This court in Yokum v. United States Postal Serv., 877 F.2d 276 (4th Cir. 1989) (hereinafter "Yokum I "), affirmed the dismissal of the case. We held there that Chapter 75 of the Civil Service Reform Act of 1978, Pub. L. 95-454, 92 Stat. 1111 et seq. (codified, as amended, at 5 U.S.C. § 1101 note), precludes judicial review of administrative personnel decisions adverse to the interests of nonpreference eligible postal workers such as Yokum. However, in a footnote, it was stated that the court was "express [ing] no opinion on the question whether such employees might maintain civil actions for damages against supervisory officials on claims of constitutional violations" pursuant to Bivens. Yokum argued to the court in Yokum I that he had made a Bivens claim by alleging that "the Postal Service failed to provide him with a meaningful and legitimate internal grievance procedure to review disciplinary actions against him, thereby denying his constitutional right to due process of law." Yokum, 877 F.2d at 281, n. 5. The court noted that the Postal Service's internal grievance procedures have been repeatedly upheld against due process claims by the federal courts and adjudged Yokum's assertion to be "no more than an attempt to reiterate his assertion that the Postal Service's dismissal order was not supported by the evidence." Id.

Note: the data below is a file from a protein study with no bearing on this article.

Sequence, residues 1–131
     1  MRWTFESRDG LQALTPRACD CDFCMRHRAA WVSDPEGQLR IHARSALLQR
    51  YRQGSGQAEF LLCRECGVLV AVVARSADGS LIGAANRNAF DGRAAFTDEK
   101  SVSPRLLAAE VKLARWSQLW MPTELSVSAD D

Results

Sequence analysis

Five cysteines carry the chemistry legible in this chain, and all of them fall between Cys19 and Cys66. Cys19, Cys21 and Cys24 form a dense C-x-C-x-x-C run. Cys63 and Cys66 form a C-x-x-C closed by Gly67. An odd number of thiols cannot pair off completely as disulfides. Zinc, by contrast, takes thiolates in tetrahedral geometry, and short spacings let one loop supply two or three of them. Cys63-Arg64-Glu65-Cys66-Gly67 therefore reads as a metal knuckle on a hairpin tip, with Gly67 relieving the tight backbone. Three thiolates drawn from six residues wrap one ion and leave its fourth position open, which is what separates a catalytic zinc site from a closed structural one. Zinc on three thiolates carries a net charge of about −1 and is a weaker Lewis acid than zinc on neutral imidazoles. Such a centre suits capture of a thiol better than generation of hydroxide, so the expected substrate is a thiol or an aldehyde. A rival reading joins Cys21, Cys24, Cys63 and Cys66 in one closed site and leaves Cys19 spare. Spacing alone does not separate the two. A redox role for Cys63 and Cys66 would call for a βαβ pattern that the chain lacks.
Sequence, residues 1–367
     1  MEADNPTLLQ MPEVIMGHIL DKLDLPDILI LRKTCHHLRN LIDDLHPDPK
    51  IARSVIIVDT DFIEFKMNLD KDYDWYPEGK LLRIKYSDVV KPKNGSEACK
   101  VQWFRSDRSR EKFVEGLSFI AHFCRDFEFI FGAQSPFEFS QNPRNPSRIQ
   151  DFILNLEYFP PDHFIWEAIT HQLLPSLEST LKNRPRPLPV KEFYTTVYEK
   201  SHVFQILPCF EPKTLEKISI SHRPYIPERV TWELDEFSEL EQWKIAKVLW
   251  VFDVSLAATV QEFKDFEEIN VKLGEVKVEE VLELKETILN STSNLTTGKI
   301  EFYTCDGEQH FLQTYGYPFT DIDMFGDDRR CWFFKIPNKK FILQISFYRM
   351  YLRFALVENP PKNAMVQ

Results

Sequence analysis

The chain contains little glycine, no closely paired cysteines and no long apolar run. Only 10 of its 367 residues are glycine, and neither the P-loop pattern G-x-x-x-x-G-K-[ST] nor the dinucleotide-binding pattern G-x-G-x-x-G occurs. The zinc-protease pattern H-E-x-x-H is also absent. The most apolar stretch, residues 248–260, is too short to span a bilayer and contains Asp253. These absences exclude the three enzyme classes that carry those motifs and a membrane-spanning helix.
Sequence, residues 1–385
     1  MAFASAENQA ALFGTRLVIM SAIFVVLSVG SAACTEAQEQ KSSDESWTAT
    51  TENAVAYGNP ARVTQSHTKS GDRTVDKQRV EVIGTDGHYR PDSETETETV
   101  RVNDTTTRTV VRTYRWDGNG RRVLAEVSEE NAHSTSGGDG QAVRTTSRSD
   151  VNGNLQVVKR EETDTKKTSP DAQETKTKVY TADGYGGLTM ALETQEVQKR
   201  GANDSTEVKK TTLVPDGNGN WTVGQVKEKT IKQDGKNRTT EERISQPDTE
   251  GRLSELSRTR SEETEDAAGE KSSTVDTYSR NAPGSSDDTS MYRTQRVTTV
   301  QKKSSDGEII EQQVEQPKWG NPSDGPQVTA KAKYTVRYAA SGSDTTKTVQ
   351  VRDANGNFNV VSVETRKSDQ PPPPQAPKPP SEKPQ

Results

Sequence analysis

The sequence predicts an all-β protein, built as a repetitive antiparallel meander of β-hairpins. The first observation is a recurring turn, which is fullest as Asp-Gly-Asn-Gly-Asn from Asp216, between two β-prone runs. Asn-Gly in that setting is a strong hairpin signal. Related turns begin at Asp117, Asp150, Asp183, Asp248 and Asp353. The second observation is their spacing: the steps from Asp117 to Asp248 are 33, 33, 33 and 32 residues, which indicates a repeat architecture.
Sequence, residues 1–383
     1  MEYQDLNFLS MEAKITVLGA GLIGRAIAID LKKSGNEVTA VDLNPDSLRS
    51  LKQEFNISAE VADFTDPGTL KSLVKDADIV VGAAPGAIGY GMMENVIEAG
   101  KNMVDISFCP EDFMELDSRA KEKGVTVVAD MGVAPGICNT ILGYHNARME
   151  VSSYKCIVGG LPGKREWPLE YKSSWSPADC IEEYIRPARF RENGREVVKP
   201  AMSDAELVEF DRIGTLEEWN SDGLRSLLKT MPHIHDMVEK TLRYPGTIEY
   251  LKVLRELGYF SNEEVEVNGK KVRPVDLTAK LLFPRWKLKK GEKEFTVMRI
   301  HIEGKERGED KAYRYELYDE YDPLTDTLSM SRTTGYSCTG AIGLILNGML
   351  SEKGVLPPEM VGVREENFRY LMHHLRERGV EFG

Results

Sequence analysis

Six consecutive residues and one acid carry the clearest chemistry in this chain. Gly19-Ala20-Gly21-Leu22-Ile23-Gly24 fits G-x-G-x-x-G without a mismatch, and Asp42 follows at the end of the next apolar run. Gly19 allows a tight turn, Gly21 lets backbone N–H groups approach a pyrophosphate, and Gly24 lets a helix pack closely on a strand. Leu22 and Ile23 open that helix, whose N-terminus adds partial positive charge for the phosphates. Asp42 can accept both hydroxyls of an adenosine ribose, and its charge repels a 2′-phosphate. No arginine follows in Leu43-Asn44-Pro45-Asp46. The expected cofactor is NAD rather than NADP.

On 26 February 1990, Yokum filed the instant Bivens action against Postmaster General Frank and seven postal employees who each played some role in the investigation, initiation or review of his dismissal. This complaint and the complaint filed in Yokum I are virtually identical with the exception of the references to Bivens added in the second complaint. In the instant case, Yokum alleges that the manner in which the internal grievance procedure was applied in his case deprived him of his due process and equal protection rights.
The defendants filed a motion to dismiss or, in the alternative, a motion for summary judgment on several grounds, including the ground that the court lacked subject matter jurisdiction over a Bivens action from a postal employee. The court held a hearing on the motion, and after argument, the district court issued an order dismissing the claim. The order reads, in part: "The motion of the defendants to dismiss this action because the court lacks jurisdiction is granted, the court finding that the comprehensive remedial scheme for federal employees precludes this claim under Bivens v. Six Unknown Named Agents of Fed. Bureau of Narcotics, 403 U.S. 388 (1971), in light of Bush v. Lucas, 462 U.S. 367 (1983)." It is from this order that Yokum appeals.
In Bivens, the Supreme Court created an independent cause of action for monetary damages against federal officials, acting under color of federal law, who violate an individual's constitutional rights. However, the Court specified that a Bivens action may not be maintained in two situations: 1) where Congress has provided an alternative remedy and has indicated its intent, either explicitly or implicitly, that the remedy should be a substitute for recovery directly under the Constitution; Bush, 462 U.S. at 378; Gaj v. United States Postal Serv., 800 F.2d 64, 67 (3d Cir. 1986), and 2) where there are "special factors counseling hestitation in the absence of affirmative action by Congress." Bivens, 403 U.S. at 396.